Compare any two graphics cards:
Radeon HD 7850 vs Radeon HD 7870
IntroThe Radeon HD 7850 comes with a core clock speed of 860 MHz and a GDDR5 memory frequency of 1200 MHz. It also features a 256-bit bus, and makes use of a 28 nm design. It features 1024 SPUs, 64 Texture Address Units, and 32 ROPs.
Compare those specs to the Radeon HD 7870, which has a clock speed of 1000 MHz and a GDDR5 memory frequency of 1200 MHz. It also features a 256-bit memory bus, and makes use of a 28 nm design. It is made up of 1280 SPUs, 80 TAUs, and 32 Raster Operation Units.
Power Usage and Theoretical Benchmarks
Power Consumption (Max TDP)
Both cards have the exact same memory bandwidth, so in theory they should perform the same. (explain)
Texel RateThe Radeon HD 7870 should be a lot (more or less 45%) faster with regards to texture filtering than the Radeon HD 7850. (explain)
Pixel RateThe Radeon HD 7870 will be just a bit (approximately 16%) faster with regards to AA than the Radeon HD 7850, and also should be capable of handling higher screen resolutions without losing too much performance. (explain)
Please note that the above 'benchmarks' are all just theoretical - the results were calculated based on the card's specifications, and real-world performance may (and probably will) vary at least a bit.
Please note that the price comparisons are based on search keywords - sometimes it might show cards with very similar names that are not exactly the same as the one chosen in the comparison. We do try to filter out the wrong results as best we can, though.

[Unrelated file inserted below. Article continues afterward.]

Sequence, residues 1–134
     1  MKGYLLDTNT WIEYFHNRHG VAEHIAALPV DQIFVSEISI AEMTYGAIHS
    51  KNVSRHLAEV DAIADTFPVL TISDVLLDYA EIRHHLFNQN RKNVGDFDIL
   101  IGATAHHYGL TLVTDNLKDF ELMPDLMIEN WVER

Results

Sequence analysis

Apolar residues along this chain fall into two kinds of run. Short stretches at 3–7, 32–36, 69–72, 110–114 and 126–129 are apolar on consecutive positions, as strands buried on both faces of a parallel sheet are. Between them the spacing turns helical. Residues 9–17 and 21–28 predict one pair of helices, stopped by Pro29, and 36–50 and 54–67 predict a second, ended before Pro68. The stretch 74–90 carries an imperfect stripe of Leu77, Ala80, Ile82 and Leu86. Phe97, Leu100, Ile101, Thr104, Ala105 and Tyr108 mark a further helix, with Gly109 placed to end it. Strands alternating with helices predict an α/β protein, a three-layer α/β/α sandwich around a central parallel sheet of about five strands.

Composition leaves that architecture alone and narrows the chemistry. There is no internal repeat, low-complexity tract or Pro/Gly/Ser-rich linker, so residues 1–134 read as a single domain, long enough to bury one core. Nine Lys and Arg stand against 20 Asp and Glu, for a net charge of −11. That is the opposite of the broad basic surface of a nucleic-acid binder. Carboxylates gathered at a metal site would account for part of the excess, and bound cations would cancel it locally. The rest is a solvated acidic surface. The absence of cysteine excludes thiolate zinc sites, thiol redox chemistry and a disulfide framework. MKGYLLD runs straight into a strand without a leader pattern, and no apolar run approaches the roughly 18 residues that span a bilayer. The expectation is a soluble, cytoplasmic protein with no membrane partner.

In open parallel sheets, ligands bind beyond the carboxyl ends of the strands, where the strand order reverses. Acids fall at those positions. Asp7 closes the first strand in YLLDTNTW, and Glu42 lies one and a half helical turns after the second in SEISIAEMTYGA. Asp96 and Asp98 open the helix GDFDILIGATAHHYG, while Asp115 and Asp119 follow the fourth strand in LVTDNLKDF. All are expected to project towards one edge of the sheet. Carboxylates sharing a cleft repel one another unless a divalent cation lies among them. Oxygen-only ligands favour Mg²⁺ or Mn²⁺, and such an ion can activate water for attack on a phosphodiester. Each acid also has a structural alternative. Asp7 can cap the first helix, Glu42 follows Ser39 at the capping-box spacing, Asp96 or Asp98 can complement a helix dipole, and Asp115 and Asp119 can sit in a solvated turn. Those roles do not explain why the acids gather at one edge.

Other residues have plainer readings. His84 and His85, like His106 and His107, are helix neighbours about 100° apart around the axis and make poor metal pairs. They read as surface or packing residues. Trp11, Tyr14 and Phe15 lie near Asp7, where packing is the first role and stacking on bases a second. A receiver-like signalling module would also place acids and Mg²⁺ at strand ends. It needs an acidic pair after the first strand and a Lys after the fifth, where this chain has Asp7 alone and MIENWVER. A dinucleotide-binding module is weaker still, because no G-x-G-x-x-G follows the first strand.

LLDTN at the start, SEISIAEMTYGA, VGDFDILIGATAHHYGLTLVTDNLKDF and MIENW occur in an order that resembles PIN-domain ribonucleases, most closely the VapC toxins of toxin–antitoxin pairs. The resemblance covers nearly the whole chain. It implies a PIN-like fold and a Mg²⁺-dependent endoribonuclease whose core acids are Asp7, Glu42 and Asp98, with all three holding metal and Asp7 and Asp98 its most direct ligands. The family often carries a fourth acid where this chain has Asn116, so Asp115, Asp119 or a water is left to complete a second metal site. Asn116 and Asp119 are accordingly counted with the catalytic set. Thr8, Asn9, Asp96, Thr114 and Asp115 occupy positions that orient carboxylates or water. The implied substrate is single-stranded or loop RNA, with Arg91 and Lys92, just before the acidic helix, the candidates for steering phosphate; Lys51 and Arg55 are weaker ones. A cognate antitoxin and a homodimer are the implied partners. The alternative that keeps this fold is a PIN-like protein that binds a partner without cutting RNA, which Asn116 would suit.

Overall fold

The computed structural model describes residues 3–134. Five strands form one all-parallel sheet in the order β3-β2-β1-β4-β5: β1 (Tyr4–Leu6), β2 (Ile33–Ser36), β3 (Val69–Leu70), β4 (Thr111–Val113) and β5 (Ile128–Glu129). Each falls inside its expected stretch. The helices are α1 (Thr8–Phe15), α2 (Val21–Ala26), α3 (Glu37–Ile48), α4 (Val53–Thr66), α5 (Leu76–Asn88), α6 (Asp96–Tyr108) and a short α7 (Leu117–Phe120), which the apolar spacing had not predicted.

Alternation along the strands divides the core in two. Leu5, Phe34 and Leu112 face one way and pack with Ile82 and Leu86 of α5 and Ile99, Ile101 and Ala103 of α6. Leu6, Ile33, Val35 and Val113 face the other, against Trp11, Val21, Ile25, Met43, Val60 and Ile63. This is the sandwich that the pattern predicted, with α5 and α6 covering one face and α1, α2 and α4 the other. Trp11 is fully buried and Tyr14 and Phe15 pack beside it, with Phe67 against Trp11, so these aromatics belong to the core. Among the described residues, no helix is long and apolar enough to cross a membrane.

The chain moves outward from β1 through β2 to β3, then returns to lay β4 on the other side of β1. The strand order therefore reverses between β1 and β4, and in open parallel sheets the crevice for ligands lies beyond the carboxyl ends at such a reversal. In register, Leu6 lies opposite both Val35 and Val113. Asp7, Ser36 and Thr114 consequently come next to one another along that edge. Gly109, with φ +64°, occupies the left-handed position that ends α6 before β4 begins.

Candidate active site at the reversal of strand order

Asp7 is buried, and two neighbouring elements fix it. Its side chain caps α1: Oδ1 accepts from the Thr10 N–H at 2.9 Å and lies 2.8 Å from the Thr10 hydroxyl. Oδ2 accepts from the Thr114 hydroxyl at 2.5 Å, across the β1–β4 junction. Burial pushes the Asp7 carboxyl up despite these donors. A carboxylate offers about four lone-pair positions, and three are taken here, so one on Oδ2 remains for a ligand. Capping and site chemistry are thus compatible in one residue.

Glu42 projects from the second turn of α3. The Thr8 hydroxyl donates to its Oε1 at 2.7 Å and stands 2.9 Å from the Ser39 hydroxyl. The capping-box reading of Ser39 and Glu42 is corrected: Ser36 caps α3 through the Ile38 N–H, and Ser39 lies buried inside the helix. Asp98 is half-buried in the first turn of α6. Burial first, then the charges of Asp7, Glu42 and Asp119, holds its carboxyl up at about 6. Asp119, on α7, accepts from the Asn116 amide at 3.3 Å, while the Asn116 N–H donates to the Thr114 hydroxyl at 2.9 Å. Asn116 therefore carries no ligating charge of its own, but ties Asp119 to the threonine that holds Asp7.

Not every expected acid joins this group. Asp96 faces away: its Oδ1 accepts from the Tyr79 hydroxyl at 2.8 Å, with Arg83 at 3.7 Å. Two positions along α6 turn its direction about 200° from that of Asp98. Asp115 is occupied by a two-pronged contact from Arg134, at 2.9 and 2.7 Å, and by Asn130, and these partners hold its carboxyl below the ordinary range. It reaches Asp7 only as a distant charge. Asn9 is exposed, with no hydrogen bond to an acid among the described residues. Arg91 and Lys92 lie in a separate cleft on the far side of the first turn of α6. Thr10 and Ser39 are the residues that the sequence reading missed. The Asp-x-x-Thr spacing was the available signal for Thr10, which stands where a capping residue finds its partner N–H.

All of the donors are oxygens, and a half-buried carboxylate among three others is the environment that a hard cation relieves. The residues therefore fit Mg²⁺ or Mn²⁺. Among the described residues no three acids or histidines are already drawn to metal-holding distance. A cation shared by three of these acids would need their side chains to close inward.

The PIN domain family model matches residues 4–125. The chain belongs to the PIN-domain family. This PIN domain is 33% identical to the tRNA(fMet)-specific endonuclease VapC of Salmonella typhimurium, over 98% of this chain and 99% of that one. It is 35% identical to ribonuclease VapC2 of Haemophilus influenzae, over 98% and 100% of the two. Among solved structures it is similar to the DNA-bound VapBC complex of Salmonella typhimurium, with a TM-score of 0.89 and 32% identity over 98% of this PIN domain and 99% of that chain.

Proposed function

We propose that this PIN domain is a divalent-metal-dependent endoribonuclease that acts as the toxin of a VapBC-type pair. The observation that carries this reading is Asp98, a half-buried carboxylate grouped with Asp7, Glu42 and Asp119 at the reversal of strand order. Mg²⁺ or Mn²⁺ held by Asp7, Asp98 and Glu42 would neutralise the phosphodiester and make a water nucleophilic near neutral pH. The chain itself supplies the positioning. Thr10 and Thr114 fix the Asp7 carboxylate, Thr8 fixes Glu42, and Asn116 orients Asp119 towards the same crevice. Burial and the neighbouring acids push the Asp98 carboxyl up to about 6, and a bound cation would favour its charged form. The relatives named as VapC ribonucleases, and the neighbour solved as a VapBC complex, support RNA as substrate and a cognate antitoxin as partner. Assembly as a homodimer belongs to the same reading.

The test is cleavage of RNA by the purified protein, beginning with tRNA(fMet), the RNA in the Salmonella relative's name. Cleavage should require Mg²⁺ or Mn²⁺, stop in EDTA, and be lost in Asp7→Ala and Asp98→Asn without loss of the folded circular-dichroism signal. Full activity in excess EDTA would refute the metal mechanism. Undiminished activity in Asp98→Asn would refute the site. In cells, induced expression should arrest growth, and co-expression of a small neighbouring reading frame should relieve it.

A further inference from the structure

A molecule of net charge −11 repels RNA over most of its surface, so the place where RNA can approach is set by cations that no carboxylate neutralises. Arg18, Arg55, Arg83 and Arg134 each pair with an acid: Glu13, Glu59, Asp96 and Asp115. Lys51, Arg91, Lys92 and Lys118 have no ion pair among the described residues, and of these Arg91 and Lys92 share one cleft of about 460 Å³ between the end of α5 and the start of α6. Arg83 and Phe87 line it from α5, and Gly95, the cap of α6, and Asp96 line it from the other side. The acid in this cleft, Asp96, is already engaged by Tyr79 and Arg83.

Memory Bandwidth: Memory bandwidth is the maximum amount of information (measured in MB per second) that can be moved over the external memory interface within a second. The number is worked out by multiplying the interface width by its memory speed. In the case of DDR memory, it should be multiplied by 2 once again. If it uses DDR5, multiply by ANOTHER 2x. The better the card's memory bandwidth, the faster the card will be in general. It especially helps with AA, High Dynamic Range and higher screen resolutions.
Texel Rate: Texel rate is the maximum texture map elements (texels) that are processed per second. This is worked out by multiplying the total amount of texture units of the card by the core speed of the chip. The better this number, the better the video card will be at handling texture filtering (anisotropic filtering - AF). It is measured in millions of texels processed per second.
Pixel Rate: Pixel rate is the maximum amount of pixels the video card can possibly record to its local memory in one second - measured in millions of pixels per second. Pixel rate is worked out by multiplying the number of colour ROPs by the the core clock speed. ROPs (Raster Operations Pipelines - sometimes also referred to as Render Output Units) are responsible for filling the screen with pixels (the image). The actual pixel output rate also depends on lots of other factors, especially the memory bandwidth of the card - the lower the memory bandwidth is, the lower the ability to reach the max fill rate.